Friday, October 22, 2010

Altered Mental Status

That was the diagnosis on my discharge sheet from the ER. They wanted to keep me for observation, but I recognize the effects of my pal dysautonomia when she comes a-callin'.

This is already going to be expensive what with the ambulance ride and the testing and the CAT scan and the catheters, but what gets me is that it didn't have to happen.

It happened because they didn't fill my Florinef on time. It was a joint effort 'they', they my neurologist's office, they my doctor and they the pharmacy. I thought I could get away with one week without it.

I thought wrong.

I was at the cancer center where I go for iron infusions for my anemia (it is also where people go for chemo, hence the name.) As the nurse rooted around for a vein, I began to get light headed. She stuck me around four times...still no luck (looking back, this should have been a sign to me that my blood wasn't flowing properly.)

I was trying to shake the light-headedness which was severe, despite my being seated. I raised my feet. I put my head down on my arm.

Then I passed out.

My mother shook my awake. I looked at her, apologized for 'falling asleep' and then passed out again. My mother called for the nurse who tried to rouse me without success. Then I strange thing happened. I woke up, or thought I did. I sat up.

I couldn't talk. I couldn't really move. I could move and focus my eyes. I sat there and stared into the mid-distance with more and more people calling my name. I was otherwise alert. I could hear, I could see, I could feel and smell.

I could smell those awful smelling salts they stuck under my nose. My eyes watered. But I didn't move or otherwise react.

One nurse goes to call an ambulance. 'Ah, shit.' I think. 'Here we go.' My feeling is of frustration and a bit of confusion. Not fear. I've had, incredibly, more frightening things than this happen to me.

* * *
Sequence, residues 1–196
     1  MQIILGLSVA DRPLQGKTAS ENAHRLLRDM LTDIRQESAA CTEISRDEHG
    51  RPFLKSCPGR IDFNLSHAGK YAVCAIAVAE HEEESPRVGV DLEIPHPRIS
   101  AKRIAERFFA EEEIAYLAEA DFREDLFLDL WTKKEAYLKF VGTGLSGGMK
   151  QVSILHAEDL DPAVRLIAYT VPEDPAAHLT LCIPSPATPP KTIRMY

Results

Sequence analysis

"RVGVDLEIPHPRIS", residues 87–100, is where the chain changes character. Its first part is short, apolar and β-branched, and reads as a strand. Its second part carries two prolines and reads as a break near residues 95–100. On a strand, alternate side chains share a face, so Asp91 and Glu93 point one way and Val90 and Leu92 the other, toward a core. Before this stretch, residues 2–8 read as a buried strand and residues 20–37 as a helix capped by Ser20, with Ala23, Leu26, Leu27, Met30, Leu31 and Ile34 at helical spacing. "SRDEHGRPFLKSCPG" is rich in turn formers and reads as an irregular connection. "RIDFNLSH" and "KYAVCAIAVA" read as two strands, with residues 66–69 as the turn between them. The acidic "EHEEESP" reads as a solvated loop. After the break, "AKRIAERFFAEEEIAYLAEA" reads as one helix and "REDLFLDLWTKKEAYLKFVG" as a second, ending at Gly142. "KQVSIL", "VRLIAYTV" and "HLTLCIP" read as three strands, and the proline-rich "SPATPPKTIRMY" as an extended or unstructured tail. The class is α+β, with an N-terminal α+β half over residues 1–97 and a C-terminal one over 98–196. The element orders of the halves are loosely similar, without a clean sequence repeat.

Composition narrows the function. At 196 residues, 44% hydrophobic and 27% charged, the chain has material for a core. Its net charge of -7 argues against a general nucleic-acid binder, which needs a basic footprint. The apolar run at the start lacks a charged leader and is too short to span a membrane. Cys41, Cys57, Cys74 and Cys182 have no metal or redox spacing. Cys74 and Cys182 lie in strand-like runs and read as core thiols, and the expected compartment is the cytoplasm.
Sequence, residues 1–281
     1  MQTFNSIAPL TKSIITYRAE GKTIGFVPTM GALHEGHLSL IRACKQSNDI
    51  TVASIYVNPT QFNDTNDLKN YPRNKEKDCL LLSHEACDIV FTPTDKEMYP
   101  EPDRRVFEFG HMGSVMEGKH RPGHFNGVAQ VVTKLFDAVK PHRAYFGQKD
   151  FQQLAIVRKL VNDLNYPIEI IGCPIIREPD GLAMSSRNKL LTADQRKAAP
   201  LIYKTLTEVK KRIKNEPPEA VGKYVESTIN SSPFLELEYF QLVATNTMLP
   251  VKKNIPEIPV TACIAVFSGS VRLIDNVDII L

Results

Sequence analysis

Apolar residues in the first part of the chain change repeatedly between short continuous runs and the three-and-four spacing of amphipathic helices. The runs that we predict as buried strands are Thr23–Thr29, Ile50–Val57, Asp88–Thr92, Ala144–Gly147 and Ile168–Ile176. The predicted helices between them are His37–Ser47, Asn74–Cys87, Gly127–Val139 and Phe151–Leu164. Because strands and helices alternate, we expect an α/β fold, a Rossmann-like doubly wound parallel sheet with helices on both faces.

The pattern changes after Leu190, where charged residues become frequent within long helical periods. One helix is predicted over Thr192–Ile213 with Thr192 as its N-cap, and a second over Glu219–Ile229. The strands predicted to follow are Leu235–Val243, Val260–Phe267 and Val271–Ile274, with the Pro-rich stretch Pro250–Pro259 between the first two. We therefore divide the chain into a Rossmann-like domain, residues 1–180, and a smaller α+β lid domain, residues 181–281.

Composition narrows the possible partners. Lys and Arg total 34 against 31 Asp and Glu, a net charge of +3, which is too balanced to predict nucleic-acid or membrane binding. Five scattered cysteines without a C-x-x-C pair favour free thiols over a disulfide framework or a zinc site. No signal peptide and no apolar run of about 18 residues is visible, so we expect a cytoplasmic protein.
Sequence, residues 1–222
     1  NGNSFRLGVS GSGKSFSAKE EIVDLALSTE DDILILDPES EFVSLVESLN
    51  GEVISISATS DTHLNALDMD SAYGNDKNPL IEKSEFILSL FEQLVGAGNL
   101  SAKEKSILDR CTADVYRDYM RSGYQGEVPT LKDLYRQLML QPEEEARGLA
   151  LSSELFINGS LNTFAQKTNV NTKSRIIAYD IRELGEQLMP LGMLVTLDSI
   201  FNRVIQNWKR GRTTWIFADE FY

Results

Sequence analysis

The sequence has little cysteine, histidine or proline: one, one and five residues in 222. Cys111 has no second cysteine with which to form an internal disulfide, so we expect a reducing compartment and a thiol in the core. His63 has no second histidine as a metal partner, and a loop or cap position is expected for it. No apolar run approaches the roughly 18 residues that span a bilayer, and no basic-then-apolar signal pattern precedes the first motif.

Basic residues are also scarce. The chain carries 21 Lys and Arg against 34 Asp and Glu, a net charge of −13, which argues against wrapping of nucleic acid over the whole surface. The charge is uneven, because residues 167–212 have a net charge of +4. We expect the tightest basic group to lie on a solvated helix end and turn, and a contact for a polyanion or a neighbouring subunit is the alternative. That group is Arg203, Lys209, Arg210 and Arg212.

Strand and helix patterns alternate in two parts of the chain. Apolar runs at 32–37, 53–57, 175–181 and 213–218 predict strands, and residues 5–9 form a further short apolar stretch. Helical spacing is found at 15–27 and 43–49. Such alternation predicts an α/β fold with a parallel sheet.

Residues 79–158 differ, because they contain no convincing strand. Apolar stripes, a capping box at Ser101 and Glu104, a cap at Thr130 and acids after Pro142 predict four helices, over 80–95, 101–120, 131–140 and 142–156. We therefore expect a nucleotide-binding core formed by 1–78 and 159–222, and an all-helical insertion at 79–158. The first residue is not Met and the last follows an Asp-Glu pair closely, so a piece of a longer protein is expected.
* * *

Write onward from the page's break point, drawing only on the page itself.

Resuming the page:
Still, I wish my autonomic nervous system wouldn't do things like this.

Now the EMTs are hauling up by my armpits and knees. Now one is doing a sternal rub. Now he is doing it harder. Now he does it again.


But I can't say so or react. The link between my mind and body is very weak. I wonder if this is what locked-in syndrome is like, and that thought does frighten me, so much so I consciously turn away from it in my mind.

One thing I notice is that if the situation is calm, I can talk a little, although it's very, very difficult.

In a quiet corner in the hospital, waiting for a room I gently poke one of the EMTs in the side. He turns to me instantly, looks at me, says my name. "Wh–?" I manage.

"Where are you?" he guesses. "You're at the hospital. We brought you here after you passed out. Do you remember?"

I start to answer in the affirmative but the other EMT has gotten wind of my return to the world and grabs a nurse. The resulting commotion renders me unable to speak or move again.

It's like I only have a very, very little bit of pressure. And things like loud noises and sudden movements and flashing lights sort of use it all up.

I needed to tell that EMT to lay me flat so I could recover more quickly. I needed to tell them to give me fluids and lot of them and epi too, if necessary.

But I couldn't. And my mother, bless her heart, goes to pieces in these situations and never fails to be worse than useless. She doesn't mention any of my diagnoses to the nurses or doctors, instead talking about the virus I got two years ago and how my joints hurt when the weather gets cold. I was listening to her verbal diarrhea and getting really, really angry and frustrated.

I told her I was typing out a list of my diagnoses and what to do in case of every situation I could think of where I might not be able to speak for myself. That was she can just give it to the doctor and go sit down somewhere.

I love her though.

In any case, next there were catheters and a billion blood samples and a rectal thermometer (I couldn't open my mouth.)

I swear I haven't had my temperature taken in my butt since I could walk and I can assure you it was a very unpleasant and unwelcome experience.

At the end of it all, I calmly asked to go home. I didn't want a bigger bill. I didn't want to take the chance of getting an arrogant or worse, abusive doctor. I was tired and bruised and I wanted to go home to my cats and the new Law and Order SVU (I caught the last half.)

I wanted to tell you all about it, since it relates directly to entry below this one, but I'm still not sure how to feel about it.

When I offend EDS it punishes me with pain. When I offend dysautonomia it does things like this.

1 comment:

Em said...

sorry you had to go through all this crap. i have no idea why the profession just dont take note. im just starting on this path. ive had the pre-eds, which was pretty much the same story as everyone else has. i know i need to speak up for myself in the future. at least i know what im up against, some of the time at least. hope your feeling a little better now. x